A prominent Chinese scientist has raised questions about India successfully landing its Chandrayaan-3 rover on the moon just last month, Time.com reported. Ouyang Ziyuan, lauded as the father of China’s lunar exploration program, suggested that some of the claims regarding this may be exaggerated.
The historic event marked India as the first nation to place a spacecraft in close proximity to the lunar south pole, surpassing China’s previous record for the southernmost lunar landing.
Chinese Scientist Challenges Chandrayaan-3 Landing Site as Lunar Pole
Ziyuan, speaking to the Chinese-language Science Times newspaper, pointed out that the location where Chandrayaan-3 landed on the moon, situated at 69 degrees south latitude, falls considerably short of what is technically considered the lunar pole. The lunar pole is typically defined as the area between 88.5 and 90 degrees south latitude, and this is notably distinct from where the Indian rover touched down.
“It’s wrong!” the scientist said regarding claims for an Indian polar landing. “The landing site of Chandrayaan-3 is not at the lunar south pole, not in the lunar south pole region, nor is it near the lunar south pole region.”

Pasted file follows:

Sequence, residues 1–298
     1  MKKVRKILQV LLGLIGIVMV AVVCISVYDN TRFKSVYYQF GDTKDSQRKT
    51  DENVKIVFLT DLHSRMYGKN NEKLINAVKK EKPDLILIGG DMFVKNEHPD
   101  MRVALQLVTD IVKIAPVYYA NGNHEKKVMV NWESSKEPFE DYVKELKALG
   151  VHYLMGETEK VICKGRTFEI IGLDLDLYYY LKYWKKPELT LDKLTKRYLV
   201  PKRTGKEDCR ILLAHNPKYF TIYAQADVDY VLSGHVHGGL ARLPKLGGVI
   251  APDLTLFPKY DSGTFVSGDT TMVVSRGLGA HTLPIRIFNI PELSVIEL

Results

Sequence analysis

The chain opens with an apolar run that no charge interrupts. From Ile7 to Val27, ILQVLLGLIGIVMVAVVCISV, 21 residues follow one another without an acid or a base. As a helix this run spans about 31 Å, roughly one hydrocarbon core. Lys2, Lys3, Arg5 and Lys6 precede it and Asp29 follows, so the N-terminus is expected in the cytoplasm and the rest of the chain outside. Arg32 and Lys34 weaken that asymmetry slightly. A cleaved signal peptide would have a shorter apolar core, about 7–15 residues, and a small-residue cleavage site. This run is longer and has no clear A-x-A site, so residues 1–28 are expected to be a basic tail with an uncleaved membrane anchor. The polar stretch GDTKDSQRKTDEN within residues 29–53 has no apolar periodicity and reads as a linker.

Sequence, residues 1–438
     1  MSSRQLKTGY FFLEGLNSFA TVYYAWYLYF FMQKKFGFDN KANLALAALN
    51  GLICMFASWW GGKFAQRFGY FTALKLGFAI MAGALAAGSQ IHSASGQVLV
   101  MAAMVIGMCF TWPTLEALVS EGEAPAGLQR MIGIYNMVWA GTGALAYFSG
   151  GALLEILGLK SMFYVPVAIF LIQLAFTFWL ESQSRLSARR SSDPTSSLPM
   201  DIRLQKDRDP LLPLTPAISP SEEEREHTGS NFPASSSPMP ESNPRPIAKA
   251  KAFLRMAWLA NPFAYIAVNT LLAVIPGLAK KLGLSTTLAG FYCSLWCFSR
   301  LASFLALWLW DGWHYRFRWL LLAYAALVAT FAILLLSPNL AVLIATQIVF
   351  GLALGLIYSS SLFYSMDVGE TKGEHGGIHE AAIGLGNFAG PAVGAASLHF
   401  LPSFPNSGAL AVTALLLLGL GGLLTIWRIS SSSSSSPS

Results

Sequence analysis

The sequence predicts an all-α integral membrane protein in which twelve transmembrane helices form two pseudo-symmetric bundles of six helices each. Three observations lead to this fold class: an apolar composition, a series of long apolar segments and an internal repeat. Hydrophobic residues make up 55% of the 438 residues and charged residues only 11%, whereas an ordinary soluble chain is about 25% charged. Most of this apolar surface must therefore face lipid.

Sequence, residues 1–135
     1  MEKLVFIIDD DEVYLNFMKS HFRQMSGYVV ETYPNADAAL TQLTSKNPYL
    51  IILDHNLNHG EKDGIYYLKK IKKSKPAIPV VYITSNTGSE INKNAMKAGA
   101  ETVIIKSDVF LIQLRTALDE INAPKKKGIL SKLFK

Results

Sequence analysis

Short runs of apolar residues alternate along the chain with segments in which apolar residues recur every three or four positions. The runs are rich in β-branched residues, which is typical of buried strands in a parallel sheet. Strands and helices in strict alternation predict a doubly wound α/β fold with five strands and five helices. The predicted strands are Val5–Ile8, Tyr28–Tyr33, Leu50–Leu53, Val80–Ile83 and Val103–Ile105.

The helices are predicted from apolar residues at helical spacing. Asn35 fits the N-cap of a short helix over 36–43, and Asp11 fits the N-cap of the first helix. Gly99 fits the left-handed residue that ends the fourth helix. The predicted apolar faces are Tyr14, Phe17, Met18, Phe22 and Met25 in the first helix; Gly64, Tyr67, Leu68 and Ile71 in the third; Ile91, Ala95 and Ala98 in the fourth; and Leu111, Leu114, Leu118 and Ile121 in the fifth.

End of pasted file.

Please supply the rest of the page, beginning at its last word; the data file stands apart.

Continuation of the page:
On Earth, a location at 69 degrees south latitude would fall within the Antarctic Circle. However, it’s important to note that on the moon, the equivalent of this circle is significantly closer to the lunar pole, according to the publication.
Chandrayaan-3 was located approximately 619 kilometers (385 miles) away from the polar region, as reported by Ouyang. Despite this revelation, India’s space agency had yet to provide a response.
China’s Space Superiority Claims After Chandrayaan-3 Landing
Following Chandrayaan-3’s landing, Pang Zhihao, a senior space expert based in Beijing, was quoted in the Communist Party’s Global Times. Pang asserted that China possessed superior technology in comparison to India’s efforts in space exploration.
China’s space program “has been capable of sending orbiters and landers directly into Earth-Moon transfer orbit since the launch of Chang’e-2 in 2010, a maneuver that India has yet to deliver given the limited capacity of its launch vehicles,” the outlet stated. “The engine that China used is also far more advanced.”
Both the United States and China have their sights set on the lunar region for their forthcoming missions. They aim to send astronauts to the moon for the first time since NASA’s Apollo program concluded nearly fifty years ago.